The American Society of Clinical Oncology recently released an updated guideline for the management of advanced or metastatic prostate cancer. It includes new treatment recommendations based on results from the ARASENS and PEACE-1 trials, among others.
GU Oncology Now met with Katherine Virgo, PhD, MBA, an adjunct professor at the Emory University Rollins School of Public Health, Department of Health Policy and Management, and a member of the Contributed Abstract Review Committee, Medical Care Section, for the American Public Health Association Annual Meeting, to discuss the updated guideline and how it will affect patients with prostate cancer moving forward.
What does this new focused guideline update entail?
Dr. Virgo: The major clinical findings pertain to the benefits of triplet therapy compared with doublet therapy for de novo metastatic noncastrate prostate cancer (NCPC). The results, which were practice-changing, were from the PEACE-1 and ARASENS trials.
The PEACE-1 trial found that a triplet therapy consisting of abiraterone and prednisone plus androgen deprivation therapy (ADT) and docetaxel demonstrated significant overall survival (OS) and radiographic progression-free survival benefits compared with a doublet therapy of ADT and docetaxel alone in patients with high-volume de novo metastatic NCPC. Overall, survival data for patients with low-volume de novo metastatic NCPC from the PEACE-1 trial were still too immature to justify recommending an abiraterone-based triplet therapy, abiraterone and prednisone plus ADT and docetaxel, for patients with low-volume de novo NCPC.
The ARASENS trial found that darolutamide plus ADT and docetaxel demonstrated significant OS benefits compared with placebo plus ADT and docetaxel in addition to significantly longer time to castration-resistant prostate cancer, pain progression for skeletal event, and initiation of subsequent systemic antineoplastic therapy.
Did the ENZAMET or ARCHES trials result in any new guideline updates?
Dr. Virgo: There was no change with respect to the 2021 recommendations for enzalutamide other than to report long-term results from the ENZAMET and ARCHES trials that were not available in 2021. ADT plus enzalutamide should be offered to patients with metastatic NCPC, including both those with de novo metastatic disease and those who have received prior therapies, such as radical prostatectomy or radiotherapy, for localized disease.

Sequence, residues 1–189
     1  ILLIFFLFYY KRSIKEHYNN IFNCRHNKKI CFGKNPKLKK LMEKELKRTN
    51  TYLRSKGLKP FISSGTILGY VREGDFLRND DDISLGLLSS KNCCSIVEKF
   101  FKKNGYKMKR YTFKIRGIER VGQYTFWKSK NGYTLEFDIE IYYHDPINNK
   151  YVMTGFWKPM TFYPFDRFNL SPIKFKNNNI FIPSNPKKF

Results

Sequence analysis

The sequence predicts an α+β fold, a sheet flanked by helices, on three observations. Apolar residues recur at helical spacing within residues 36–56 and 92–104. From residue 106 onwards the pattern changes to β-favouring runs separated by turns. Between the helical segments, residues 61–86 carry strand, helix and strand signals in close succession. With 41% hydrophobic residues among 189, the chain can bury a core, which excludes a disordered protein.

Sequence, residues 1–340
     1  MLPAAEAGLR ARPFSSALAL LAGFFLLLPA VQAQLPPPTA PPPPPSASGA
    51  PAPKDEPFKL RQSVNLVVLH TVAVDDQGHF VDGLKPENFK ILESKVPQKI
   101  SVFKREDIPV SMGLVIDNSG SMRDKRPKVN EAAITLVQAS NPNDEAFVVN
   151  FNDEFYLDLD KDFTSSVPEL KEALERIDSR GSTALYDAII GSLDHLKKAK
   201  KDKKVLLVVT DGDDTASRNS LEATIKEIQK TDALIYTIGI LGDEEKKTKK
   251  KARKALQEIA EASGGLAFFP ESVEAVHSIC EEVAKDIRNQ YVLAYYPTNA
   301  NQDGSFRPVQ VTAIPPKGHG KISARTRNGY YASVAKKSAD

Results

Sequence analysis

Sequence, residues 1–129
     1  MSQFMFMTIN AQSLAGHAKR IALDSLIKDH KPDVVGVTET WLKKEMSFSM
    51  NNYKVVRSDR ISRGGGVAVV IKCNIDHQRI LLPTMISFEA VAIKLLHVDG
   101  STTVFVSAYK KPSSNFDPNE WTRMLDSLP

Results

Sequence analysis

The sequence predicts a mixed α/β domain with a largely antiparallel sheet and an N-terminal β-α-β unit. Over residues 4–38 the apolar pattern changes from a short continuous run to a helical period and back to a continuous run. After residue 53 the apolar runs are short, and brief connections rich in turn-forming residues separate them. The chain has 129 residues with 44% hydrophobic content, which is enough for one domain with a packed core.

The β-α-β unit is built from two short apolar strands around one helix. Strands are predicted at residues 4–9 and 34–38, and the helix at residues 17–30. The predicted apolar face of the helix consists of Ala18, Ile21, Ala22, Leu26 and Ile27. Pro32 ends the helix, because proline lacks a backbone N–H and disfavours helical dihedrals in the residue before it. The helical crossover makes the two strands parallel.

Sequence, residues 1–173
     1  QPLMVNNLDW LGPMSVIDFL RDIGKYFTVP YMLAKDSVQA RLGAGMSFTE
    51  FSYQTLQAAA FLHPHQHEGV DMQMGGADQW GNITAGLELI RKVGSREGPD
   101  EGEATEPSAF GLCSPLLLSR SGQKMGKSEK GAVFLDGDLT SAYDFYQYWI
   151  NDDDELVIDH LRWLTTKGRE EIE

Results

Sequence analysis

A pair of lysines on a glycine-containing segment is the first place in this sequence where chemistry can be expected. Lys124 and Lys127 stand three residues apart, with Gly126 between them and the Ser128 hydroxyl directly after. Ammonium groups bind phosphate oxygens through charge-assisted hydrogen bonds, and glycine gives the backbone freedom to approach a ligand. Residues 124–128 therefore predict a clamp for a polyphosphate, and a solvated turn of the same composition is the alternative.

Are there any data that patients should know about ADT plus enzalutamide?
There’s nothing different to note in regard to side effects compared with the doublet therapies that they may already be receiving. The cost of these additional treatments is more of an issue; enzalutamide is not viewed as a cost-effective drug, unlike abiraterone.
Are there any other prostate cancer treatments that are currently being researched that may affect future guideline updates?
The biggest question currently is whether or not docetaxel is still necessary in the treatment of patients with metastatic NCPC. Currently, no phase 3 clinical trials have compared, for example, ADT plus darolutamide or ADT plus abiraterone versus ADT plus docetaxel. Also, improved OS for patients undergoing triplet therapy is largely confined to those with high-volume disease. For patients with low-volume disease, clinical trials have shown no significant benefit of triplet therapy, so this may change guidelines in the future.